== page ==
Luis Matos, Casey Schmitt, and Patrick Bailey combine average-plus contact skills and average-plus power with plus defense and fall somewhere between slightly to notably better, raw talent-wise, than players they share positions with on the roster. Bailey isn’t Buster Posey, but wow, is he playing well enough that it’s okay to think about thinking about the possibility; Schmitt’s energy, defense, and contact skills are exciting and we’re all sitting here thinking he has a good chance of adjusting to the league’s scouting report after his fast start; and Luis Matos is coming in as an outfield prospect with a head of steam the likes of which we haven’t seen since... Chili Davis back in 1981?
The Giants have talked about wanting to be able to win and develop and Zaidi’s focus has been making “one good baseball move after another” and I think the past five seasons have featured a lot more of Zaidi’s reality to Baer’s fantasy, but Zaidi shares that view — it’s the promise of the premise in his pitch to become their President of Baseball Operations: he can build a team for cheap that can still compete, and whatever talent surplus they have plus whatever reputation their success generates can net superstars in the future.
Luis Matos is a success of the player development pipeline the new front office has constructed. Remember, he’s a Bobby Evans signing — but so was Joey Bart. And David Villar; but also, Marco Luciano. There are no guarantees in Baseball, particularly in player development, but developing existing talent is, to me, almost as important as developing the talent you draft.
Schmitt and Bailey are sort of no-brainer “great, good job — your model works” successes, still worth crediting the team, but Logan Webb, Keaton Winn, Luis Matos... these are guys Farhan Zaidi inherited and whether or not he would’ve chosen to acquire them, optimizing their skills to fit the team’s roster model is a separate accomplishment. It’s a key point in combatting the lazy and infuriating “tank for 5-7 years to get the best draft position”-style rebuild that a lot of fans support when their team does it.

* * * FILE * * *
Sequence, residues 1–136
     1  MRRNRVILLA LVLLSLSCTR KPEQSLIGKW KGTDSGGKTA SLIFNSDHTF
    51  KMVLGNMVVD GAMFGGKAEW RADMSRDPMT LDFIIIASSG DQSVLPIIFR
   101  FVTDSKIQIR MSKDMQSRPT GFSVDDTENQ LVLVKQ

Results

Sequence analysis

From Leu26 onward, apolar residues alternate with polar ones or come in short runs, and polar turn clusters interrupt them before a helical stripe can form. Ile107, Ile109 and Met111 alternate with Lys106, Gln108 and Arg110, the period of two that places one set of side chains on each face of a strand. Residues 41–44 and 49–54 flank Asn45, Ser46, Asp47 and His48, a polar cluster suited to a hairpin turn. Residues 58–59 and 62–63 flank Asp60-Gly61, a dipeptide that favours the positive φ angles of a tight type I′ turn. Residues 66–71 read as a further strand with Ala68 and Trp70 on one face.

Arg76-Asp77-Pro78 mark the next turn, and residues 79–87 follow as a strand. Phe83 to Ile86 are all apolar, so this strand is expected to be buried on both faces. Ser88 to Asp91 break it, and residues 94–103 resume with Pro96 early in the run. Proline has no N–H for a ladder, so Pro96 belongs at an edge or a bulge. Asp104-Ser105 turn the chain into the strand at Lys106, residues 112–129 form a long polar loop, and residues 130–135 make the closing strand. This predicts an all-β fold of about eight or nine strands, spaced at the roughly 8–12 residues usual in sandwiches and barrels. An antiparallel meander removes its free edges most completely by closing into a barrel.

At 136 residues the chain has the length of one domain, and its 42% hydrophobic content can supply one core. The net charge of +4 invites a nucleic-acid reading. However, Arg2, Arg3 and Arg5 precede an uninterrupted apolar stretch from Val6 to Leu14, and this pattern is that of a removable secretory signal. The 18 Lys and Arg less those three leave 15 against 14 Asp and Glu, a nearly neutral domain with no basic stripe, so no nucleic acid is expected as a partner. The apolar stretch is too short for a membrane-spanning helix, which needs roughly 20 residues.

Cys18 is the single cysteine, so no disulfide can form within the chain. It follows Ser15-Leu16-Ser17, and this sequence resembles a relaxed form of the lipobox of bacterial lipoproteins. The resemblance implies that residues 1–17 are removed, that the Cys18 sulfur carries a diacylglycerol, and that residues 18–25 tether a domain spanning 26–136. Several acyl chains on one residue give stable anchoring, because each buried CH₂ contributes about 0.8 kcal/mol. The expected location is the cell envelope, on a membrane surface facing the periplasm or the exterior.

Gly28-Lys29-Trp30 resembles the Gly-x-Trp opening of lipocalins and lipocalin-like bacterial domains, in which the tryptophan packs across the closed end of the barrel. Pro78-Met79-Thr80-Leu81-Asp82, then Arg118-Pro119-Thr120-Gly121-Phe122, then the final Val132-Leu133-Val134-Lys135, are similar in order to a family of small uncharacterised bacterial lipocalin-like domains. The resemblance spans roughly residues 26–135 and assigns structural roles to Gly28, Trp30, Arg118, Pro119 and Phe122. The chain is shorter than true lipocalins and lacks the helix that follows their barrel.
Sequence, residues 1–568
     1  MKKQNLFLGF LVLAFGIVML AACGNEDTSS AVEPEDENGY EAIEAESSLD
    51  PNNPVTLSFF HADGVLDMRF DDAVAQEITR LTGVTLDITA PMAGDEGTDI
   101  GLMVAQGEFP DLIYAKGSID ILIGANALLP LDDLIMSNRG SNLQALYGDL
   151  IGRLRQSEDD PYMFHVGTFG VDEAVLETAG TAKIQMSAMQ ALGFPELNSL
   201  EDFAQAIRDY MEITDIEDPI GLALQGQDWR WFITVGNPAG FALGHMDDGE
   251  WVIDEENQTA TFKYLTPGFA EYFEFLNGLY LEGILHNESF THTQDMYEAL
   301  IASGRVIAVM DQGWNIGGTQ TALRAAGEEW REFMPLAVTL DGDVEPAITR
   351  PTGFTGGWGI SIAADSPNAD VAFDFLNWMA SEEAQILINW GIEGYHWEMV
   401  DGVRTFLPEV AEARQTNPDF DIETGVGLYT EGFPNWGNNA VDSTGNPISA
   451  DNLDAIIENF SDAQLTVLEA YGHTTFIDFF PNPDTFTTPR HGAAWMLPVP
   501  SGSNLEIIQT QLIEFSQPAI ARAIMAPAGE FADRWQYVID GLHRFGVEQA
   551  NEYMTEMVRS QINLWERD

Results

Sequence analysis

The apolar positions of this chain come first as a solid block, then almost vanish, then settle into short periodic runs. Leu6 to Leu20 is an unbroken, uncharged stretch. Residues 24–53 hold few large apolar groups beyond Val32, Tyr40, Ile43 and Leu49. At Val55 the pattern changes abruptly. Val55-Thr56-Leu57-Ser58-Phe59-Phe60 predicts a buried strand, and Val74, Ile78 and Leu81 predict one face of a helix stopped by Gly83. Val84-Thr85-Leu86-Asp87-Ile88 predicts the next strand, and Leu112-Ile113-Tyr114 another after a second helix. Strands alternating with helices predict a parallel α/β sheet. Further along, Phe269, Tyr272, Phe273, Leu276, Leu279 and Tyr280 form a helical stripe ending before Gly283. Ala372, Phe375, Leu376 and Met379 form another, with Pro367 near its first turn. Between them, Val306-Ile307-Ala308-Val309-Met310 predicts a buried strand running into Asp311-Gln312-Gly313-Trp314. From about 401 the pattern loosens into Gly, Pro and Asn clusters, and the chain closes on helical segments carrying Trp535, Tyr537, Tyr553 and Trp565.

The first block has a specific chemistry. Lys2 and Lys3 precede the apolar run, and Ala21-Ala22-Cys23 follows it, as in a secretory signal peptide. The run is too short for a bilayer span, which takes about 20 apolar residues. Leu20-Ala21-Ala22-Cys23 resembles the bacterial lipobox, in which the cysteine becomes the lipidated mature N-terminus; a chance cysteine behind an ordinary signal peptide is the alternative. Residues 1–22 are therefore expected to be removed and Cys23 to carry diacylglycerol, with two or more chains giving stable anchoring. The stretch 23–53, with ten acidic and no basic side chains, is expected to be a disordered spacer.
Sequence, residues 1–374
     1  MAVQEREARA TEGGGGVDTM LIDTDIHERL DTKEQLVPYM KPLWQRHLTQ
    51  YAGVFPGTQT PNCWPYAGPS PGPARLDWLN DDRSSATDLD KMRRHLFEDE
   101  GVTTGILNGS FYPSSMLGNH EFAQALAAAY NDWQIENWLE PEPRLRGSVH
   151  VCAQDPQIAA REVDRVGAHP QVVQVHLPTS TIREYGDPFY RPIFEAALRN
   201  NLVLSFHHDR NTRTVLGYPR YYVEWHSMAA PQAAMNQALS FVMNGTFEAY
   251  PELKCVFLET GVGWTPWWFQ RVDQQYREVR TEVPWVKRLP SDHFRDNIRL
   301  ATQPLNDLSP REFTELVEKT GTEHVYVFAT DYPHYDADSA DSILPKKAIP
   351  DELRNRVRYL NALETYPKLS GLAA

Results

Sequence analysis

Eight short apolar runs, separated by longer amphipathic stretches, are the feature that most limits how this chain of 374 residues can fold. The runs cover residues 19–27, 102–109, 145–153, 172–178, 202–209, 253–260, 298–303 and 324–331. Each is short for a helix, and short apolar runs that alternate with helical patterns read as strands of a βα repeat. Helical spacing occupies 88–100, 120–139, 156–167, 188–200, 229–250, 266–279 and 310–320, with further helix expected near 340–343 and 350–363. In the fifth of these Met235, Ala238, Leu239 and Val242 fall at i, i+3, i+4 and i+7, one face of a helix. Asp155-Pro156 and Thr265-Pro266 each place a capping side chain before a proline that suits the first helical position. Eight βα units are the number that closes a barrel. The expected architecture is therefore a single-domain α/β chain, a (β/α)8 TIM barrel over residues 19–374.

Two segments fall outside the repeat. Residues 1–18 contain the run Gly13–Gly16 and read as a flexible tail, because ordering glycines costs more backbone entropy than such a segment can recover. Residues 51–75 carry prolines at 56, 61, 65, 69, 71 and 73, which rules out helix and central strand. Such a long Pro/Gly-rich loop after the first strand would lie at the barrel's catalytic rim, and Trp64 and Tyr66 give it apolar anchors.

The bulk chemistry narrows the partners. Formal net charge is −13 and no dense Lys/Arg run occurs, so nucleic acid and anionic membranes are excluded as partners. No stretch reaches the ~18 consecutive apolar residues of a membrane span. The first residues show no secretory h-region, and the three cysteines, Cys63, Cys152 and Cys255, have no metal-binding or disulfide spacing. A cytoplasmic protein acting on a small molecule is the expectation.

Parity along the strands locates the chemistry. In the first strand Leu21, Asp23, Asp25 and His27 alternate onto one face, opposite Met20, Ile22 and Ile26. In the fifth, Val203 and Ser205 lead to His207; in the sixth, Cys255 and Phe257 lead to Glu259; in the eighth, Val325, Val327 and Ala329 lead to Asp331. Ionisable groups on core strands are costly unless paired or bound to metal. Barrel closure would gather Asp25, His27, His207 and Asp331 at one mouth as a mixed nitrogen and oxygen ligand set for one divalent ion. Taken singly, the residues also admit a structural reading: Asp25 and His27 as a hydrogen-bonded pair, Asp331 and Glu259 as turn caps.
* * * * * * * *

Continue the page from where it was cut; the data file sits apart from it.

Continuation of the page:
The Giants are now back on the path of a winning organization. They might not yet have the right number or combination of players to compete at the very top of the league, but you are safe to throw them in the mix as interesting-to-competitive. Some of these guys might not pan out, ultimately, but that’s okay. It’s not these guys or bust. The player development pipeline is fully operational; and, like a crack commando unit, the front office has the knowledge and resources to acquire players to help them in the areas of the roster where they don’t quite yet have the depth they’d like.
This is the first season of the Zaidi era where the Giants are folding in prospects with more experienced players and I’m so glad we’re here. I can hardly believe it. We have reached the finish line. I know a lot of people on this site never lost hope. I was beginning to argue that the concept of “player development” might be snake oil and that it really does just come down to pure dumb luck. Maybe I’m not 100% wrong there and maybe the Giants aren’t 100% sure how they turned things around from “speed bump” to “fast lane,” but the reality is that the Giants are finally — FINALLY — where they’ve hoped and planned to be.
What’s not to love?